Note that once we find the factorization $A=LU$, we can use this method to solve $Ax=b$ in linear time in the number of entries of $A$. This is the same as the amount of time it takes to examine all the entries of $A$, so this is as fast as you can hope to solve this equation (unless $A$ has a special form you can take advantage of).

LU factorization doesn't work if a pivot entry is zero. It will also lead to numerical errors if there are very small pivot entries. The solution, as with Gaussian elimination, is to allow the algorithm to swap rows. Considering this results in a different factorization, $$A = PLU$$ where $P$ is a permutation matrix and $L$ and $U$ are as before.

A *permutation matrix* is a $P$ matrix with exactly one $1$ in every row and column, and with every other entry zero. For example
$$P=\begin{bmatrix}
0 & 1 & 0 & 0 \\
0 & 0 & 0 & 1 \\
1 & 0 & 0 & 0 \\
0 & 0 & 1 & 0
\end{bmatrix}.$$
Such a matrix is called a permutation matrix, because its action by multiplication on a column vector moves the numbers in the vector around. For example, the matrix above satisfies
$$P \begin{bmatrix} 1 \\ 2 \\ 3 \\ 4\end{bmatrix} = \begin{bmatrix} 2 \\ 4 \\ 3 \\ 1\end{bmatrix}.$$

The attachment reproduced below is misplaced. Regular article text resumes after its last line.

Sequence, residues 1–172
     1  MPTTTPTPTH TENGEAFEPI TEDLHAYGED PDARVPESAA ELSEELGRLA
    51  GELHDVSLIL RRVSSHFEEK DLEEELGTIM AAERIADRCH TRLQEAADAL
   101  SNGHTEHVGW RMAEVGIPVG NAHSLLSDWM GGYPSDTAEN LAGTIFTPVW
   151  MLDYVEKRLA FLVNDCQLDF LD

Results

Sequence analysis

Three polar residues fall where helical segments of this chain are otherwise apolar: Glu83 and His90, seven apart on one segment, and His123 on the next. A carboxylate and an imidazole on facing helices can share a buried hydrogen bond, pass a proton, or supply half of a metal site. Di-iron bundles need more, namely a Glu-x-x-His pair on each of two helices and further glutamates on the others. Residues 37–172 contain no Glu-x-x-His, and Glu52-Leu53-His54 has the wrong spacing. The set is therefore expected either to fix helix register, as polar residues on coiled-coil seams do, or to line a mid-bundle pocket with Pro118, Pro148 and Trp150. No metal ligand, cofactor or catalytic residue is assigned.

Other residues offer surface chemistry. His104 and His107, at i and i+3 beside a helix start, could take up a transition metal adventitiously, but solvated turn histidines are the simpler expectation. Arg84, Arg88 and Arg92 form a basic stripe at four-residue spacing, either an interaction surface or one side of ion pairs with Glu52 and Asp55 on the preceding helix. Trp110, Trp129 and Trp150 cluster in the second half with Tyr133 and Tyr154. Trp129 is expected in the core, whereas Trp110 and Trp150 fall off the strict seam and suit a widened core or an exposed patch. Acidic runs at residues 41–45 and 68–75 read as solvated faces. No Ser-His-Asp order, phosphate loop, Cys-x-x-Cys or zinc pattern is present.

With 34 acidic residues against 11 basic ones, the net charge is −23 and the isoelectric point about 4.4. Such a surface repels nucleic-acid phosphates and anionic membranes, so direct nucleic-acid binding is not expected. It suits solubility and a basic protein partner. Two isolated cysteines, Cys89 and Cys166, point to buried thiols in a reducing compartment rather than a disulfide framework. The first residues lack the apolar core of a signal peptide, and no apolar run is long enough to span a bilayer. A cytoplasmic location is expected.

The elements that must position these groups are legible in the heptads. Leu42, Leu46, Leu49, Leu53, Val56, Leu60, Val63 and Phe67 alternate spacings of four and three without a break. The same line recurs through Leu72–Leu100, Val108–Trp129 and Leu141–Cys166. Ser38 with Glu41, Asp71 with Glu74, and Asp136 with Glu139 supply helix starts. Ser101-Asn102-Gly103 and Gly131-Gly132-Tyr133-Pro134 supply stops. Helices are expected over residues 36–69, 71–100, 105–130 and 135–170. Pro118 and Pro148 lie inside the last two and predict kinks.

Note that for a permutation matrix $P$, we have $$P^{-1}=P^T,$$ where $P^T$ denotes the transpose of $P$.

The `scipy`

package has a linear algebra module called `linalg`

. This module has a LU factorization function called `lu`

. This is really a $PLU$ factorization function. We will demonstrate its use using the matrix $A$ as above.

In [4]:

```
A
```

Out[4]:

In [5]:

```
P, L, U = linalg.lu(A)
```

Here we check that it really is a factorization.

In [6]:

```
(np.abs(A - P@L@U) < 10**-8).all()
```

Out[6]:

Now lets look at the individual matrices. First $P$:

In [7]:

```
P
```

Out[7]:

We can see that $P$ is a permuation matrix. Now $L$:

In [8]:

```
L
```

Out[8]:

Observe that $L$ is lower triangular with ones on the diagonal. Now look at $U$.

In [9]:

```
U
```

Out[9]:

Observe that $U$ is upper triangular.

We'll assume $A$ is an $n \times n$ matrix for the discussion below. Then if we have the PLU Factorization, i.e., $A=PLU$, then we can solve $Ax=b$ in a series of steps. Note that our equation becomes $$PLUx = b$$. Assuming $P$, $L$ and $U$ are invertible, we can write $$x = U^{-1}\big(L^{-1}(P^{-1}b)\big).$$ So, first we want to find $z=P^{-1} b$. Then we want to find $y=L^{-1}z$. And finally $x$ will be $U^{-1}(y)$.